In his memory...
John was a pioneer in consulting forestry in New England. He grew up spending summers on a farm in Cornwall, Connecticut where his family owned the Cathedral Pines one of the most dramatic stands of white pine in New England. In the shadow of these giant pines he learned to love the woods and the hard work that went with them.
He went to Yale and studied forestry there. While his studies were important, so was playing hockey really hard. When he started working in the woods, he went to Stewartstown, NH for St Regis Paper Company. As his family grew, he and his wife Rosemarie decided to move to the Keene, NH. He was following the opportunity of healthy forests, good soil, and receptive forest owners. This audience was willing to listen to a forester who was promoting more controlled, marked selective harvests than had been taking place. It was in this climate of the early 1960s that he, and some other notable foresters promoted consulting forestry as a profession.
Above all, he pointed out that strong markets were the key to doing good forestry. If people could periodically profit from owning their land, he reasoned correctly, that they would value forestland ownership above alternate uses, thus conserving the land base. In this regard, he was a strong supporter of wood energy, which he reasoned would provide a market for the many tons of low quality wood growing in New England. His vision was early and on the mark. Wood energy in New Hampshire is an important part of the power grid today. He was there at its beginnings. The low grade forest product market is very strong today because of the use of wood energy.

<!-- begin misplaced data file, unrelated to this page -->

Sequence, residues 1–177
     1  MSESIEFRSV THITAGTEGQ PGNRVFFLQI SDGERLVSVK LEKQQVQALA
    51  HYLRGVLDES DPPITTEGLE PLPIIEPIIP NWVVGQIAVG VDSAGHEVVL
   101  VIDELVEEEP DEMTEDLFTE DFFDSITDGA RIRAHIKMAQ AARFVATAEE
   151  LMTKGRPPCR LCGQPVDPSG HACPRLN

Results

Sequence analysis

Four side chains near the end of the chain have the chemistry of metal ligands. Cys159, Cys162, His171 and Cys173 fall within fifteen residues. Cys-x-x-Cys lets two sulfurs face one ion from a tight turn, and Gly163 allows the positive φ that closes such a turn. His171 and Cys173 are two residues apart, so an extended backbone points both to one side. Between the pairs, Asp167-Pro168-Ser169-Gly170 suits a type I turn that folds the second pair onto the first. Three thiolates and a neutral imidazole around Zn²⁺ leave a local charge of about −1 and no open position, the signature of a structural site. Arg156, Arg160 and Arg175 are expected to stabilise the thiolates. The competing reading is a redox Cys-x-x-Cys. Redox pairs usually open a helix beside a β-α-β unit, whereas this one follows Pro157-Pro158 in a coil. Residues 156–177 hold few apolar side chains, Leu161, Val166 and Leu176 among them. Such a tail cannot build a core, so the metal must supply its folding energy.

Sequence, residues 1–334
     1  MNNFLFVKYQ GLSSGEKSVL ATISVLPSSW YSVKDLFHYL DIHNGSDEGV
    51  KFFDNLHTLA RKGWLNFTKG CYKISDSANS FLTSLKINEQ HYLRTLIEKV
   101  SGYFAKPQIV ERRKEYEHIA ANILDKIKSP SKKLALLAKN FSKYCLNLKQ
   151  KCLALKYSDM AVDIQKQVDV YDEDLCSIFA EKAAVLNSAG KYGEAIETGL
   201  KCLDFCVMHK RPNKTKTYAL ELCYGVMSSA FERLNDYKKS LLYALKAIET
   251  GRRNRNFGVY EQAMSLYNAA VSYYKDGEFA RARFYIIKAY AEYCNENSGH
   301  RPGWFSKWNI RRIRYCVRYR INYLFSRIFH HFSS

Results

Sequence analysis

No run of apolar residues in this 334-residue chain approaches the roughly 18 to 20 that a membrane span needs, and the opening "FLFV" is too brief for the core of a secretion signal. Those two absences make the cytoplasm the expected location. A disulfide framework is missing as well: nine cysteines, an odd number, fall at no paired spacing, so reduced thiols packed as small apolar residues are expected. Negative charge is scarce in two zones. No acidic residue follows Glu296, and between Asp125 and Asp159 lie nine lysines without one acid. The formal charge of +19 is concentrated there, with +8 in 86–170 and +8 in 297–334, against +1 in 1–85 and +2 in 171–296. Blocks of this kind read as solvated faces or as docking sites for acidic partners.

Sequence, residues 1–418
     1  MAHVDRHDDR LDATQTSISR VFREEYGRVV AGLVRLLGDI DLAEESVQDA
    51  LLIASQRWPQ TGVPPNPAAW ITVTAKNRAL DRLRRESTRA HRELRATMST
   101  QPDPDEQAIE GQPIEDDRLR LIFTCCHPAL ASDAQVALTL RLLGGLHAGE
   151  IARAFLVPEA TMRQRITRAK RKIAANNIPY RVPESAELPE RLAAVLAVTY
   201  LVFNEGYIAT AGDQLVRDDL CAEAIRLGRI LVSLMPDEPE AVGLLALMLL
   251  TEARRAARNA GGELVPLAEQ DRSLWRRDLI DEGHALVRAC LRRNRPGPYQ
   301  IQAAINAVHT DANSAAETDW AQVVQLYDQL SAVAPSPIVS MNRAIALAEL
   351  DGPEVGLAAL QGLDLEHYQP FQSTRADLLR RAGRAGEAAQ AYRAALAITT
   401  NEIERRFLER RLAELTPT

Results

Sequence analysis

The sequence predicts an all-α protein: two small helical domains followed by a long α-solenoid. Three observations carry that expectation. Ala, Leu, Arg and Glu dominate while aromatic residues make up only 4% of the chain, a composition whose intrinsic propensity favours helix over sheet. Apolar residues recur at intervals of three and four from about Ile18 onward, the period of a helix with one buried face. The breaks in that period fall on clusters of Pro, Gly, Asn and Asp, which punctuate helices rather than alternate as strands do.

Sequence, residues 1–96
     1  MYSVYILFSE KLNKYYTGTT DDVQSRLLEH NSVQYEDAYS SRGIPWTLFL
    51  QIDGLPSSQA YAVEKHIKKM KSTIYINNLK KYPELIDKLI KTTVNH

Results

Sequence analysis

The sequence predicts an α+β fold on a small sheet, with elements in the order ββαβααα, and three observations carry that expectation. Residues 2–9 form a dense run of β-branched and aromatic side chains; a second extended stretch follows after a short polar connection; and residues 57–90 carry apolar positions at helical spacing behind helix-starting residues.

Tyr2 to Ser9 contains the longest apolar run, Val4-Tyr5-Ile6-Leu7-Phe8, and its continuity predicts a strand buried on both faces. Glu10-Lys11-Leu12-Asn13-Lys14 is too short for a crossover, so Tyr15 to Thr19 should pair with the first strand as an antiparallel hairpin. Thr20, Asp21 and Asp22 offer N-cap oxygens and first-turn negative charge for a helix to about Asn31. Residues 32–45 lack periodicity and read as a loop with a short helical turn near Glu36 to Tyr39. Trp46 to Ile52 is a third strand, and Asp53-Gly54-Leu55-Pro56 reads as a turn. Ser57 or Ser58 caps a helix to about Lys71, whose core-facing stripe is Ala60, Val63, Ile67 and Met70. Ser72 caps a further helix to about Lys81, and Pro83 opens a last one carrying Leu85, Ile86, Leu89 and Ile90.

John had a great rapport with both loggers and landowners alike as he had a unique sense of humor, and a strong appreciation of peoples differing points of view. He was often courageous sharing his views. People will remember him taking a stand. He didn’t equivocate but always managed to make his point with good humor. He had at his fingertips a staggering repertoire of verse, song, quotes, anecdotes and ephemera that helped smooth the path to imparting his way of thinking.
He was also a community leader in Keene. He was on the board of the Cheshire Hospital serving as the chair for a term, the Connecticut River Watershed Council also as chair, the Monadnock School Board serving tirelessly and a was an early supporter of the Society for the Protection of New Hampshire Forests. In 2003, he was honored with the Society of American Foresters Granite State Division with the coveted forester of the year for his career accomplishments.
He with his family protected Bingham Hill Forest over 400 acres of land in Gilsum and Sullivan with the Society, which continues to be actively managed as a working forest.
I remember him as a great mentor, and a friend.
He died November 3, 2010